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Eclipse weather worries: Will it rain on KC’s big day?

Where and when to view the Aug. 21 eclipse

The eclipse’s 70-mile wide path of totality means there’s no need to wade into a crush of humanity to view historic celestial event.
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The eclipse’s 70-mile wide path of totality means there’s no need to wade into a crush of humanity to view historic celestial event.

Partial cloud cover and a 30 percent chance for rain are in the forecast for Monday in Kansas City, the day sky watchers are hoping to see a historic total eclipse of the sun.

“Right now, it’s still very uncertain,” National Weather Service meteorologist Dan Hawblitzel said of weather on eclipse day.

He forecast a chance of a strong storm Friday night, especially east of Kansas City. Saturday looked clear, he said, but with the return of light rain Sunday morning.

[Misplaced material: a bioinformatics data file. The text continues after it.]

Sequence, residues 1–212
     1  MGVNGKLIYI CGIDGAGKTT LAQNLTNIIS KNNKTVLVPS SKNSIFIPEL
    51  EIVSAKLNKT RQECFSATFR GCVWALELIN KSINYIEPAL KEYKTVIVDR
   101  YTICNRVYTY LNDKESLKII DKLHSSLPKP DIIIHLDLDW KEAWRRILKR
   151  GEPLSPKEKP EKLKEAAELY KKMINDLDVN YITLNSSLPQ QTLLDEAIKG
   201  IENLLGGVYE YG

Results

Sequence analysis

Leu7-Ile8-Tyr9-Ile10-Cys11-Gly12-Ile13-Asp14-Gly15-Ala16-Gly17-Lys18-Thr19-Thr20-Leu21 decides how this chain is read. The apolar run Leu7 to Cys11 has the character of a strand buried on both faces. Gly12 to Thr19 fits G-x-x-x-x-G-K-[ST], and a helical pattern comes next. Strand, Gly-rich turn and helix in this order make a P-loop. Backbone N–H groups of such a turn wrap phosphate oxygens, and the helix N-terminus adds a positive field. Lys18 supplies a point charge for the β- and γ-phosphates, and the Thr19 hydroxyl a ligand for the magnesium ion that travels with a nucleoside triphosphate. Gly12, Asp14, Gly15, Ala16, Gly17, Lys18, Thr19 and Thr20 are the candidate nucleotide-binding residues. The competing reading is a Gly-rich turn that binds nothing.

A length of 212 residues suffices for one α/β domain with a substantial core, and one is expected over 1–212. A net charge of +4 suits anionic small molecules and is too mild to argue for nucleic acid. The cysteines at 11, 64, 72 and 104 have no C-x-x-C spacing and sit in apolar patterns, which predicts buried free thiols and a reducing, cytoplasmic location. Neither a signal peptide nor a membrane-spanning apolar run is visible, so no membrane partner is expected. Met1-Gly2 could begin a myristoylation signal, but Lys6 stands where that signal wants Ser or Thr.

And Monday?

“What we’re looking at is the possibility of a complex of showers and storms over Iowa and maybe even northern Missouri and as far south as central Missouri,” he said. “If that is to occur, that could send quite a few clouds into a large part of the area.”

He said it was not yet certain which areas might be cloudy and which could be clear enough to see the total eclipse, which is set to occur a few minutes after 1 p.m.

NASA data visualizer Ernie Wright explains how he accounted for the jagged surface of the moon and the varying elevation in the U.S. to precisely map the path of totality for the Aug. 21 solar eclipse.

Eric Adler: 816-234-4431, @eadler

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